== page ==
The drive through the Ozarks was certainly beautiful. By this time the kids were definitely getting better at being content passengers, but they were tired after several days of poor napping and late nights in Dallas. There was quite a bit of rain on our drive up, but Eric was certain that we needed to hike to Glory Hole. We bought some ponchos at a Walmart on our way out of Texas because we expected the weather to be rainy. (Thanks, Internet!) We had to tie Ike's poncho in knots so he wouldn't trip all over it the whole time. Meanwhile, Felix wouldn't even wear one, so we ripped a hole in a grocery sack and tried to keep that on him, which was not remotely successful. When we were under the trees we hardly got wet anyway, so it all ended up being rather pointless.
It was a good hike. Eric carried Felix most of the way. When he wasn't carrying Felix on his back, he was carrying Ike. It's good to have a strong man for a husband.
I figure I don't have much longer for this little kid to always want to hold my hand, so I take every chance I get.
As I said, the hike was to Glory Hole, which is basically a hole in this rock. Water flows from the top, then straight down this hole, and out the bottom. You can just barely make it out in this picture, and the next picture is a little better. (Felix has his head turned to check it out. He wasn't remotely interested in the camera.)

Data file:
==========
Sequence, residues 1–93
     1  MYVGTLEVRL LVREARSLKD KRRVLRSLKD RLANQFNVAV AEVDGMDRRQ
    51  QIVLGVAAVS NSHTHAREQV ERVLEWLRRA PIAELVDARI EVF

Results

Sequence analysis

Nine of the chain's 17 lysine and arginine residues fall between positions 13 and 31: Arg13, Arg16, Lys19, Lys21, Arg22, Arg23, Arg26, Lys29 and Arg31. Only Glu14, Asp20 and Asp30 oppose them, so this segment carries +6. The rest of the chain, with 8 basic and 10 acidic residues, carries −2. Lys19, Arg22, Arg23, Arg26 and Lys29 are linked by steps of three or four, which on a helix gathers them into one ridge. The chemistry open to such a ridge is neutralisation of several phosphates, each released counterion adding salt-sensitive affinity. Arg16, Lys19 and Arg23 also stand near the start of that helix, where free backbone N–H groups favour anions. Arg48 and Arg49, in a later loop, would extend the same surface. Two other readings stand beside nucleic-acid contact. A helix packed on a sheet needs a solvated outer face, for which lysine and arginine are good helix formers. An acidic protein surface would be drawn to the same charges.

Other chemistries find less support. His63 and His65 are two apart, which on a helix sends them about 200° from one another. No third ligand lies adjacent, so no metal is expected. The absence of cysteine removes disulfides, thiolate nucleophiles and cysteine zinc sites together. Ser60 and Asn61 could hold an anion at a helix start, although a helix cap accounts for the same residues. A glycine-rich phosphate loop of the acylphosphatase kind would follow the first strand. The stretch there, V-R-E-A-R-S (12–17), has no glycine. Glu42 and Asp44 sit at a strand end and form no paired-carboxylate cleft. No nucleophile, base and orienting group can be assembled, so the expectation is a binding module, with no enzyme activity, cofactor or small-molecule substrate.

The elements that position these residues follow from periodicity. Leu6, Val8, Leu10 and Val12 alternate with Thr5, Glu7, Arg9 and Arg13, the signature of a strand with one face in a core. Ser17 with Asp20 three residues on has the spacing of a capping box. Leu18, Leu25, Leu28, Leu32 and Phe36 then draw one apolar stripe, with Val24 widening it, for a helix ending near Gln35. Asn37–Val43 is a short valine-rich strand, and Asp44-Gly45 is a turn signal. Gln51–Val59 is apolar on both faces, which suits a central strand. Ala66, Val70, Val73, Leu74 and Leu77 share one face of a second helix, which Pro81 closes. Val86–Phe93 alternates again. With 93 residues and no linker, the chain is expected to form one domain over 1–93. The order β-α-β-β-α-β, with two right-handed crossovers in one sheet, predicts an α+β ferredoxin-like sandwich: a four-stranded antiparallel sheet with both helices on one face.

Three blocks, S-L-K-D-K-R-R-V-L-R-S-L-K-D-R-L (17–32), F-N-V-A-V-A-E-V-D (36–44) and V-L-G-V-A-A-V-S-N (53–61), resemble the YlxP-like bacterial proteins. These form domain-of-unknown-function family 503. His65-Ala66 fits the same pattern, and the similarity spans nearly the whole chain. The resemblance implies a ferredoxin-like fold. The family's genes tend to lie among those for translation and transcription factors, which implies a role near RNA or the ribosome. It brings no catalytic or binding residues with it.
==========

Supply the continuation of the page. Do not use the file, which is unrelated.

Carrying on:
That night we camped at Steel Creek Campground. It had the benefits of picnic tables, running water, and toilets, but it was really open. There weren't really trees to break up the different campgrounds. It was totally adequate for one night, though. Eric always makes such an effort to take pictures of me with the boys, but they pretty much all turn out like this:
Felix (as usual) made short work of becoming utterly filthy in as little time as possible.
The next day we got outfitted to go canoeing. The employees at the canoe rental place thought we were rather insane to be taking two little kids on an eight-mile stretch of reasonably challenging waters. I assured them that Eric is skilled at canoeing. (Wow, a beefy guy who can lug kids on hikes and who can manhandle a canoe, lucky me!) The stretch that we canoed was really beautiful, and I'm glad we went. My job was to make sure Felix didn't go jumping out of the boat. Occasionally I distributed water and snacks, and every so often I stuck my paddle in the water too. Obviously we weren't taking pictures during the rapids, but there were a number of sections with rapids. Eric navigated them like a pro, while I taught Felix to say, "Weeeeee!" In case you are wondering, yes, I absolutely wore the same outfit two days in a row. I figured it would be silly to wear two changes of clothes for two days of hiking, camping, and canoeing.
We stopped canoeing to go see the largest waterfall between the Appalachians and the Rockies. We somehow managed to get lost, which was annoying because it was supposed to be a round trip distance of 1.4 miles. Somebody kept insisting that we would find it if we kept going up and up and up and up, not on a trail. I finally insisted that our 3-year-old could not handle the hike any longer, and we headed back down. On our way down, we saw where we missed the trail, and we went and saw the real thing. But by then lots of us were hangry, and the waterfall was not so very impressive. We'll get it right next time.
One of the things that made Felix grumpy on the canoe trip was his oversized life jacket. He couldn't sit down without it plopping over his face, which meant he had to stand a lot, which meant he was a little ornery. Next time we use a company to outfit us with a canoe and life jackets we'll be sure to bring a life jacket that fits him properly.